Just a few things w/e 2/5/21

And into May we go.

Are you back in the gym yet? How was your first visit? Go straight back to lifting heavy or are you being a little smarter than that?

We tend to have a screwed up sense of timelines with our training and body comp goals and often think that if we go harder it’ll happen quicker. And this is true up to a point, you have to push yourself hard enough to provide the stimulus to actually warrant change, both in your training and dietary approaches. But we love extremes and it’s easy to find ourselves doing crazy stuff that’s unsustainable either because we can no longer recover adequately to maintain the pace or it’s so overly restrictive that we miss out on all the fun stuff we like to do and eat.

From a training perspective, taking your time getting back to heavy lifting is essential after a long lay off. This allows you to ensure technique is good and to work on sharpening it back up. It’ll allow your CNS to gradually get used to the increasing loads without leaving you feeling fried, and it’ll allow you soft tissues to not take a kicking after they’ve been chilling for 4 months.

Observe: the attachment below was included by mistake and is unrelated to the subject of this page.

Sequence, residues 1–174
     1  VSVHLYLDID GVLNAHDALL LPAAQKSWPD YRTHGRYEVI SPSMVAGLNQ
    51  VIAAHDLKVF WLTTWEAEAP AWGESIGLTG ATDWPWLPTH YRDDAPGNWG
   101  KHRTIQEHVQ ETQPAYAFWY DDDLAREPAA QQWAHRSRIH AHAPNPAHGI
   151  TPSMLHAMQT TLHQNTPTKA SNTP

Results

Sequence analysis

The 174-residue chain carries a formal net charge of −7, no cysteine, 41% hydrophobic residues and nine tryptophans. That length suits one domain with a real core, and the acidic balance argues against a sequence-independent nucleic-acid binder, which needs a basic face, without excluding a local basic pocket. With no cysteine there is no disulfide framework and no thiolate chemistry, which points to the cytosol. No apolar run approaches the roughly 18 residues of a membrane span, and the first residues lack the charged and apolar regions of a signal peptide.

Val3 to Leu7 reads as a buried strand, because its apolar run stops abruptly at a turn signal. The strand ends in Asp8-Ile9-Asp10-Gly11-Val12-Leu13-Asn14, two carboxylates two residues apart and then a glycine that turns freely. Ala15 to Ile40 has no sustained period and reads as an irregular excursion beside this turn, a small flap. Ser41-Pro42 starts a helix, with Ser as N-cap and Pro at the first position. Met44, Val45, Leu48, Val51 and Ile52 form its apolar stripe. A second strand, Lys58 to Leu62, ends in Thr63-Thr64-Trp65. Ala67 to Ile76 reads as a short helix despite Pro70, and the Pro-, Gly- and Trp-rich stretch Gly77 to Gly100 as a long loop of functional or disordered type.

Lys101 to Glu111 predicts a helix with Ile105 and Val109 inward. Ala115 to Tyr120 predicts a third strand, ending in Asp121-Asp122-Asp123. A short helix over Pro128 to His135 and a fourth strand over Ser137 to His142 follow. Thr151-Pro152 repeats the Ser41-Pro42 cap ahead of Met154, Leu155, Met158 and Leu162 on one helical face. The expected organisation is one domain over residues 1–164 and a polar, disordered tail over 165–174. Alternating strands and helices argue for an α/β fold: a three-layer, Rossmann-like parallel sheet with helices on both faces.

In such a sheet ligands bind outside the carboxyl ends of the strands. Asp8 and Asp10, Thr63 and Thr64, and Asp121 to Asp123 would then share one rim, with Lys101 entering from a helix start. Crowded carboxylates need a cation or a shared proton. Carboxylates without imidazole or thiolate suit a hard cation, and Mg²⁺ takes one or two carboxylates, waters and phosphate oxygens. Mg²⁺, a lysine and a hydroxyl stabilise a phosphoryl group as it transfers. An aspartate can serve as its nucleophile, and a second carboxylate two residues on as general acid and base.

I assume that most of the folks who read this aren’t looking to step on stage in their underwear or compete in a powerlifting event. But instead, you want to improve your health and fitness levels to be able to whatever you want without physical limitations and improve your nutrition for improved health and body comp outcomes. In that case, one of the most important things you need to realise is that there is no finish line. Therefore there is no need for extreme approaches.

Knowing this (and accepting it) means you can find a more reasonable approach. One that challenges you enough to get the changes you want while still being able to enjoy the occasional doughnut and whatnot.

So if you are just getting back into the gym, enjoy it, go a little easier to let yourself adjust to the weights again (your joints, ligaments, and tendons will appreciate it!), and play the long game.


Here’s a plank demo I did showing how to fixx the common problems I see with the exercise:

Typically, it’s step one the gives most people problems. The inability to push the floor away and maintain it. The big player in this movement is the serratus anterior, which starts on the ribs and wraps around to the inside of the shoulder blade. Weakness here makes it harder to get good movement of the shoulder blade as it helps with moving the shoulder balde in relation to your arm lifting overhead, amongst other things.

If this is an issue for you, try this drill to help improve your serratus strength and function.

And keep pushing the floor away on your planks!

Stay strong,

Dave

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